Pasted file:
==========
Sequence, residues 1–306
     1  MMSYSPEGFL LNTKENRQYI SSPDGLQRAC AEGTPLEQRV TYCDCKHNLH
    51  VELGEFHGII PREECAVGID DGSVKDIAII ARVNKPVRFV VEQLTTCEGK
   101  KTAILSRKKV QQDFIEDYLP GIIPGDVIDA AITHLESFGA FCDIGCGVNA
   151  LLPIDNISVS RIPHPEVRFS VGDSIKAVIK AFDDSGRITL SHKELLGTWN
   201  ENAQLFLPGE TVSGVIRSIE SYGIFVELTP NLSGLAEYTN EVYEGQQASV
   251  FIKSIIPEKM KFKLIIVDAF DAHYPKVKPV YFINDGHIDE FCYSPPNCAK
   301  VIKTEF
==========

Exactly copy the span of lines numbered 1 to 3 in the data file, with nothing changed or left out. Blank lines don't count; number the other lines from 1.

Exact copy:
Sequence, residues 1–306
     1  MMSYSPEGFL LNTKENRQYI SSPDGLQRAC AEGTPLEQRV TYCDCKHNLH
    51  VELGEFHGII PREECAVGID DGSVKDIAII ARVNKPVRFV VEQLTTCEGK